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If you’re part of an unmarried couple that wants to take full advantage of the new stamp duty cuts, should you have a cohabitation agreement?

Should you have a cohabitation agreement?

The Chancellor’s recent decision to increase the basic stamp duty threshold to £500,000 has injected a much needed new lease of life into the residential property market.

Many buyers will be families, married couples or those in a civil partnership.  However, it’s highly likely a fair number will be unmarried couples who, having been forced to wait patiently during the recent pandemic, are now able to realise their dream of buying a property together.  

While the last thing I want to do is throw an unwanted legal spoke in any of these couples’ home-owning wheels (especially as it’s now pretty much the norm for couples to buy homes together before they’re married or enter into a civil partnership) but it’s wise to remember unmarried couples still don’t have the same legal rights as a married couple. 

This means that given the huge costs involved in buying a house or flat, it is always best to protect your purchase with a cohabitation agreement.

A cohabitation agreement is a straightforward legal document that sets out who will get what if your relationship was to end.  It is in no way designed to pre-empt or predict a split (or dampen the excitement of buying your first home together); it is there to give you total peace of mind as to what would happen to your property, assets and even children should the worst ever happen.

The best comparison is probably your household insurance.  You don’t take out a policy because you think that the building you’ve insured is actually at any risk.  You take it out because you know you are safer with it and because you’d need that financial protection if something was to happen. 

Maybe the first thing a cohabitation agreement should confirm is how you own and share your property. 

This would be supported by a Deed of Trust.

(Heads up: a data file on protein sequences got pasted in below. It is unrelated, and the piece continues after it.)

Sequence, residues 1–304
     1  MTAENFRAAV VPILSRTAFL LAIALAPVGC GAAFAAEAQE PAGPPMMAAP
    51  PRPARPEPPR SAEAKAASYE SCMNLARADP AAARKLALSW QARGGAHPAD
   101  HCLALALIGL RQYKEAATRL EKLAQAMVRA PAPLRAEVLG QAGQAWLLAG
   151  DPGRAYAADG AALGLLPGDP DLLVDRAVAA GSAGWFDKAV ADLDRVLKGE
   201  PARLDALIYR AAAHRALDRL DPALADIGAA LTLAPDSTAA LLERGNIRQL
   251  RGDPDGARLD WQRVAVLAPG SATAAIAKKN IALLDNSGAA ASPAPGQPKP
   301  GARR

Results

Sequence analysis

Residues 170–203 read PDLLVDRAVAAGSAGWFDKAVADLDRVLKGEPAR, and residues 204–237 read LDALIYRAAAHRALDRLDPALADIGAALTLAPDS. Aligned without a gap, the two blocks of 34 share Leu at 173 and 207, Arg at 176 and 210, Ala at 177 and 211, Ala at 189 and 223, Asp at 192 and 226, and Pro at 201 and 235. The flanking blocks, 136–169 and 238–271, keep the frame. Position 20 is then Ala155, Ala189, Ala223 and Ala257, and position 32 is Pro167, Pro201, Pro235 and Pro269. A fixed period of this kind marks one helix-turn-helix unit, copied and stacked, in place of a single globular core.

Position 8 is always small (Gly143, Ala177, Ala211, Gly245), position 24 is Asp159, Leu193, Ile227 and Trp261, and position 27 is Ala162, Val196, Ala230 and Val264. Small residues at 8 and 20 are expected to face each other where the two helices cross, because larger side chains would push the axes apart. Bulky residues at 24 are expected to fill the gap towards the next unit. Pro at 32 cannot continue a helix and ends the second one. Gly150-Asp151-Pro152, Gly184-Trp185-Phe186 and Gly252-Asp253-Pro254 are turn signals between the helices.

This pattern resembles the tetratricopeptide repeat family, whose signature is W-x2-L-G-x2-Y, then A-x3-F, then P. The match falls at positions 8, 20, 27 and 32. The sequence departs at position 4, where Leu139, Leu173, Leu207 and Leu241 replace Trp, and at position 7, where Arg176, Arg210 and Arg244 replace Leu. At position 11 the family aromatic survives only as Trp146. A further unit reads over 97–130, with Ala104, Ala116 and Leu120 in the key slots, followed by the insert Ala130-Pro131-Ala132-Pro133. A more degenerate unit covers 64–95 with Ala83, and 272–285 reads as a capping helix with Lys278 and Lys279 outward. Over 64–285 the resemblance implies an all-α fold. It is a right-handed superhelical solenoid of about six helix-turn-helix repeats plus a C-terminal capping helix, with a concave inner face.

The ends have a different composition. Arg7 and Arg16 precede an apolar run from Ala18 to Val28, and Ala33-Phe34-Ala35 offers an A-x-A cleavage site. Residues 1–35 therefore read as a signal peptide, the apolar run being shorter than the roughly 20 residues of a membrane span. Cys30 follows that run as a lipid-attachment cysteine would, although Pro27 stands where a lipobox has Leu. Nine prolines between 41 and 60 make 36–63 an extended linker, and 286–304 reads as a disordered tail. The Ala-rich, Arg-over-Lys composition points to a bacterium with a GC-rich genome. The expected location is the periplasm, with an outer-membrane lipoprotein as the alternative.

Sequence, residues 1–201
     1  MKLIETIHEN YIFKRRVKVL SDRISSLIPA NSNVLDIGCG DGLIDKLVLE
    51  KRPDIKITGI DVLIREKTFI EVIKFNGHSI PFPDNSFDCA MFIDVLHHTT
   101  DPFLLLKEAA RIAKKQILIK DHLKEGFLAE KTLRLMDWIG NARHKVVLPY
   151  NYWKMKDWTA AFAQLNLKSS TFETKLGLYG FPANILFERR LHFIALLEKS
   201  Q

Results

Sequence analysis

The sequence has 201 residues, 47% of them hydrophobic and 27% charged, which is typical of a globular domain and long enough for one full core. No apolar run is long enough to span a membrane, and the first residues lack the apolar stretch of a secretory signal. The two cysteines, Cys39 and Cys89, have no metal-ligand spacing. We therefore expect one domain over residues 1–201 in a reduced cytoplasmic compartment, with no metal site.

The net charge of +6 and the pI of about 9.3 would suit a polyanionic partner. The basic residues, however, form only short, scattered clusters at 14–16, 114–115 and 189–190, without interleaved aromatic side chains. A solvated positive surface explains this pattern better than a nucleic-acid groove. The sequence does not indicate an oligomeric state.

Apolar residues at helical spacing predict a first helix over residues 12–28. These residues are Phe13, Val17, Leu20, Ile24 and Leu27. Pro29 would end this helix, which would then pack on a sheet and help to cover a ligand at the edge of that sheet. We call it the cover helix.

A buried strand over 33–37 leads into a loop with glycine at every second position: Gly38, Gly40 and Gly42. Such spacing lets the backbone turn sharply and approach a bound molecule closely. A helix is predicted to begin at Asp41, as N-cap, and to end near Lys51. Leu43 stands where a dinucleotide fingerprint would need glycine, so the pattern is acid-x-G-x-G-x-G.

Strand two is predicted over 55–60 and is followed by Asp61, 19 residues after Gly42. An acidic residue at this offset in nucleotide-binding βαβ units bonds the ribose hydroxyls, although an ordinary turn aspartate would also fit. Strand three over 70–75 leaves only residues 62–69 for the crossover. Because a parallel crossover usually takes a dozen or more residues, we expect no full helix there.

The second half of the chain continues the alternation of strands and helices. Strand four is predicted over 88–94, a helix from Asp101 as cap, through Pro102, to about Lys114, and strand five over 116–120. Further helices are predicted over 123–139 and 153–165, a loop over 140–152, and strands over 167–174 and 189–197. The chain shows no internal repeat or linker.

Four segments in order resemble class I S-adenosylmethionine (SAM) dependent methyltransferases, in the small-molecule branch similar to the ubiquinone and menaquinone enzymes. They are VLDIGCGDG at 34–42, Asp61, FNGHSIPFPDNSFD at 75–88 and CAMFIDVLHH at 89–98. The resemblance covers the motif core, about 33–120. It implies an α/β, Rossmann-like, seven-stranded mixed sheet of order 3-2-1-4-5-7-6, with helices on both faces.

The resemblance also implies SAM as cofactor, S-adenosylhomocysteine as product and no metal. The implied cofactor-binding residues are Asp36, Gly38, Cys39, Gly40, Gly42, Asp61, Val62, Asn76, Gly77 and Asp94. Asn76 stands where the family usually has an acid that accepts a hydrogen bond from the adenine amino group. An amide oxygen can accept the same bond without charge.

Before you complete your purchase you need to decide whether it’s best for you to enter a joint tenancy or become ‘tenants in common’.  These are legal terms we can talk you through to find which suits you best.  The important thing to remember is your decision will dictate how your share of the property‘s ownership would be viewed if either of you was to die.

Another common use for a cohabitation agreement is to recognise when one of the partners has paid more than the other when the house was bought thanks to a parental loan or an inheritance.  Your cohabitation agreement would set out how the respective shares would be divided should the money ever have to be repaid.

Children are another key consideration. 

The likelihood that one or both members of a couple will have children from either this or a previous relationship is now higher than ever. 

Your cohabitation agreement allows you to outline the particular financial provisions you would like to make for your children should you separate. Or alternatively, confirm your plans to support them lie outside the terms of your agreement.

Most of all though, a properly drafted and correctly executed cohabitation agreement will spare you from the endless arguments and expensive litigation that can often arise when a relationship breaks down.

If you are planning on buying, renting or moving in with your partner and would like to find out more about cohabitation agreements please call me on 020 8429 9914 or email me at Kate.Moran@collinshoy.com

Photo by Aarón Blanco Tejedor on Unsplash